Another adds that, if the Beac opts for strict enforcement of sanctions, namely, to charge 30% fraudulent amounts, this bank will close for sure and all actors in the chain of decision would respond to these acts before the Cameroonian justice ."This bank is to watch closely. With all that is happening now, it may explode or we will end up with a situation similar to that of the Moroccans of the Cameroonian Water (CDE), worries a specialist in the banking sector.

Indeed, this speculation, we learn, had several key pieces including the current managing director, the Moroccan Mohammed Mejbar, and the Cameroonian Victor Emmanuel Menye. The latter is the Deputy Director General (DG-A) of the Cameroonian Bank Corporation but in custody since 9 March. It is within the framework of the so-called Mebe Ngo'o case. Divisional Police Commissioner Oko Petis signed a security guard on March 5, 2019, in the name of Edgard Alain Mebe Ngo'o, former Defense Minister; Maxime Mbangué, former technical advisor at the Ministry of Defense; Joel Mboutou, colonel of the army and former deputy chief of the military secretary; then Victor Emmanuel Menyé, deputy general manager of SCB Cameroon, the local subsidiary of the Moroccan banking group, Attijariwafa Bank.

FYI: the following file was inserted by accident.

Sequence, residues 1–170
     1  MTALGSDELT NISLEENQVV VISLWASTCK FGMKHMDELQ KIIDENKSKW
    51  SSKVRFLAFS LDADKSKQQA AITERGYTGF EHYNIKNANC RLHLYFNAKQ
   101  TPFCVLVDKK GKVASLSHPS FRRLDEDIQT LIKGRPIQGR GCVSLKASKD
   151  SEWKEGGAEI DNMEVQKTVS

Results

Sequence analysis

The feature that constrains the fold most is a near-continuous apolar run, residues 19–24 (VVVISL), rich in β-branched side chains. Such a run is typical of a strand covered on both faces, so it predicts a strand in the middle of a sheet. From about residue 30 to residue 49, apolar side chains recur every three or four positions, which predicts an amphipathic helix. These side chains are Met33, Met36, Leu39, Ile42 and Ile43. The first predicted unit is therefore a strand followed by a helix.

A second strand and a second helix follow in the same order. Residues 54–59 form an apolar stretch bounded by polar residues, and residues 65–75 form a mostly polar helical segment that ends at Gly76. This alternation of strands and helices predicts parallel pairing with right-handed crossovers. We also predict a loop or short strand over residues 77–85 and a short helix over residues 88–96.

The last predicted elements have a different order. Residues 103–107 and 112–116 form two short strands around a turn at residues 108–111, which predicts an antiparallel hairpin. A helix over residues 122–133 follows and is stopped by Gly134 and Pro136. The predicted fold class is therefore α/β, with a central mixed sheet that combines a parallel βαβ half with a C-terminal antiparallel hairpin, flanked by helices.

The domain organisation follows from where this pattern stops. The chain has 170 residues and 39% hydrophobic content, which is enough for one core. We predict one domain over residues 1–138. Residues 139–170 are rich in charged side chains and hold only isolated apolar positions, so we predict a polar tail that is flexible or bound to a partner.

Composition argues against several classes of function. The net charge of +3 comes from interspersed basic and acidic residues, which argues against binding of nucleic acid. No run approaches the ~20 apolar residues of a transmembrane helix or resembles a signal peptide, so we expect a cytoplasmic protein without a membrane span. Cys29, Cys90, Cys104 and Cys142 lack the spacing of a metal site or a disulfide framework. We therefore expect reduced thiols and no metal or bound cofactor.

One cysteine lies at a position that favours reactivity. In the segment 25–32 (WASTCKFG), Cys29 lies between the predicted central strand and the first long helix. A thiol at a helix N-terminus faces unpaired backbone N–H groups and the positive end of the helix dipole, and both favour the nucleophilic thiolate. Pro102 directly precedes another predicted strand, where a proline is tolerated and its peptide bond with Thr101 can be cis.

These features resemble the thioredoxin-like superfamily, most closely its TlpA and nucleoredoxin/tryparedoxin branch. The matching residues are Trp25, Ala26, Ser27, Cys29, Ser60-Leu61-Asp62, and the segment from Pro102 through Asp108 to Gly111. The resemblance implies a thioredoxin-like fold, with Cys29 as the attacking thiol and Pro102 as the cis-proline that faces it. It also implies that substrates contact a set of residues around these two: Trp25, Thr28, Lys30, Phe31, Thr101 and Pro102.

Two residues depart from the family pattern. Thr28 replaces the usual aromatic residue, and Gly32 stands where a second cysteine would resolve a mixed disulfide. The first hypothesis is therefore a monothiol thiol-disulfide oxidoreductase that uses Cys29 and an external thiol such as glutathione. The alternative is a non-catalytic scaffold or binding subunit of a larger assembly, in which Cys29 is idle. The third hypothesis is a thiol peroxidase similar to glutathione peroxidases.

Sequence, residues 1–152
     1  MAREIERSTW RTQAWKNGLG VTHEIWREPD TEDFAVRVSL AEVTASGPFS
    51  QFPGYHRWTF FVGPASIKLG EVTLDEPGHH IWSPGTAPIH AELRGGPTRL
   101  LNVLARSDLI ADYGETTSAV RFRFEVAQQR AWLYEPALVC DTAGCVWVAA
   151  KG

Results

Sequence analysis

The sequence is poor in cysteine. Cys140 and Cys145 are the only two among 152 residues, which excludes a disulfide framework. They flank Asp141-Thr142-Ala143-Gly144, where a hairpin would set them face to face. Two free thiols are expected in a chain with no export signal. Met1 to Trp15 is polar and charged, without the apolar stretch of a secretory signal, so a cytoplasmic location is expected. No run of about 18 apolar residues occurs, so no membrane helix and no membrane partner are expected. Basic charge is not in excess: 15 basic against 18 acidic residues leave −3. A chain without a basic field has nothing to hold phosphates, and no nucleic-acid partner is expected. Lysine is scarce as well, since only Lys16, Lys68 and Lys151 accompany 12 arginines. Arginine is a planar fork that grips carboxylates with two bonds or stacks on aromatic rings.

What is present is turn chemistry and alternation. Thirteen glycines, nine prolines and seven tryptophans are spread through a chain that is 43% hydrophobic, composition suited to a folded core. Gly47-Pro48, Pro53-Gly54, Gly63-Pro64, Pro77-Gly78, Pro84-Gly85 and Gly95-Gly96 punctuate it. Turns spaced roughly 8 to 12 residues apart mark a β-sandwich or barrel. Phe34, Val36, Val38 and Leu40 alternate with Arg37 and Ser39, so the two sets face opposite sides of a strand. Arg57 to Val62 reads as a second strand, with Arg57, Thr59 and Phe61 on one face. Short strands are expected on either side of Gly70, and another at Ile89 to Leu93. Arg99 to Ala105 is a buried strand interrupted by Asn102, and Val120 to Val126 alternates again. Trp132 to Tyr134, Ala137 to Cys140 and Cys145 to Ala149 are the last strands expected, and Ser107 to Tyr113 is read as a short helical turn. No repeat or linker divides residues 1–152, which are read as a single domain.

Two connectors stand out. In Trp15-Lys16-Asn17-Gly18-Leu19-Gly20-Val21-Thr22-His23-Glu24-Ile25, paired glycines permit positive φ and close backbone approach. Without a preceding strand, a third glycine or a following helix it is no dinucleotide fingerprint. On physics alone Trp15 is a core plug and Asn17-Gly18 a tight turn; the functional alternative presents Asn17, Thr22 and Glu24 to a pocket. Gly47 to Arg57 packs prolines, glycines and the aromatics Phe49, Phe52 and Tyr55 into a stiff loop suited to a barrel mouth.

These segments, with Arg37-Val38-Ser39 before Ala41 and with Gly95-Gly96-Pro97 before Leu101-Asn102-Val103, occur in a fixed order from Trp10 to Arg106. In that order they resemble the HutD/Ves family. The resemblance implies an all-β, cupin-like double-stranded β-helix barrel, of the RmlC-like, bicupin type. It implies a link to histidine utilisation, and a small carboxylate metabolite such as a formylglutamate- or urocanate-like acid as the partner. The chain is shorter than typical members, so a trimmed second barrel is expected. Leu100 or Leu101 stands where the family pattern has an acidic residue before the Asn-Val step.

The Beac had warned

Abbas Mahamat Tolli, the governor of the Bank of Central African States had warned banks like the SCB. Indeed, he made an exit last March about "unfounded and totally inaccurate" information relayed in the press, citing a scarcity of currencies in the CEMAC. This is due to a rationing policy that would be maintained by the Central Bank. "On a daily basis, the BEAC makes available to the economic agents, through the banks, the currencies solicited when the files submitted comply with the requirements of the regulations. exchange regulations. The latter prescribes to the banks, in its article 34, a delay of two working days for the execution of the orders delivered by the customers, provided that all the conditions of conformity with the regulation of the currencies and the device of fight against money laundering be reunited, "said the governor.

Abbas MahamatTolli therefore invited all the economic agents whose transfer requests would be rejected by the banks, on the grounds of the scarcity of foreign exchange, to inform the national direction of the BEAC of their country of residence.

Abbas MahamatTolli invited therefore all economic agents whose requests for transfer would be rejected by the banks, on the grounds of the scarcity of foreign exchange, to inform the national direction of the BEAC of their country of residence, with all the justifying evidence. On a threatening tone, the governor stated: "The Beac reserves the right to take all the necessary actions, in particular the application of the sanctions provided for by the exchange regulations in force, against the banks which, by their practice, would hinder the proper implementation of the international operations of economic agents".